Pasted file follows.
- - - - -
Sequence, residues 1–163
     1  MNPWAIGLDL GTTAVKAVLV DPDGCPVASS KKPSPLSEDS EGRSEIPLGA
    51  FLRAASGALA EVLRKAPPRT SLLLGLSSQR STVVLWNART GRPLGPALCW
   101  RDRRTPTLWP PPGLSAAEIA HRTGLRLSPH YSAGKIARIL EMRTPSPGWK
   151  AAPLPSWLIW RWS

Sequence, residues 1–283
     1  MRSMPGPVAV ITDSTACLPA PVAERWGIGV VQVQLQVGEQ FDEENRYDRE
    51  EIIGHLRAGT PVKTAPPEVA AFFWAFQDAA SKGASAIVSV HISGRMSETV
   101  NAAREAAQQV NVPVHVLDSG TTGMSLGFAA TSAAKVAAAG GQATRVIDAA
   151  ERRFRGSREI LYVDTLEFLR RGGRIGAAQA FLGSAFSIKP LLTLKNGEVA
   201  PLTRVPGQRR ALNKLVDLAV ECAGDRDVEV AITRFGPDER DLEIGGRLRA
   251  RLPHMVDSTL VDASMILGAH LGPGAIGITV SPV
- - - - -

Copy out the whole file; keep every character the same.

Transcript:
Sequence, residues 1–163
     1  MNPWAIGLDL GTTAVKAVLV DPDGCPVASS KKPSPLSEDS EGRSEIPLGA
    51  FLRAASGALA EVLRKAPPRT SLLLGLSSQR STVVLWNART GRPLGPALCW
   101  RDRRTPTLWP PPGLSAAEIA HRTGLRLSPH YSAGKIARIL EMRTPSPGWK
   151  AAPLPSWLIW RWS

Sequence, residues 1–283
     1  MRSMPGPVAV ITDSTACLPA PVAERWGIGV VQVQLQVGEQ FDEENRYDRE
    51  EIIGHLRAGT PVKTAPPEVA AFFWAFQDAA SKGASAIVSV HISGRMSETV
   101  NAAREAAQQV NVPVHVLDSG TTGMSLGFAA TSAAKVAAAG GQATRVIDAA
   151  ERRFRGSREI LYVDTLEFLR RGGRIGAAQA FLGSAFSIKP LLTLKNGEVA
   201  PLTRVPGQRR ALNKLVDLAV ECAGDRDVEV AITRFGPDER DLEIGGRLRA
   251  RLPHMVDSTL VDASMILGAH LGPGAIGITV SPV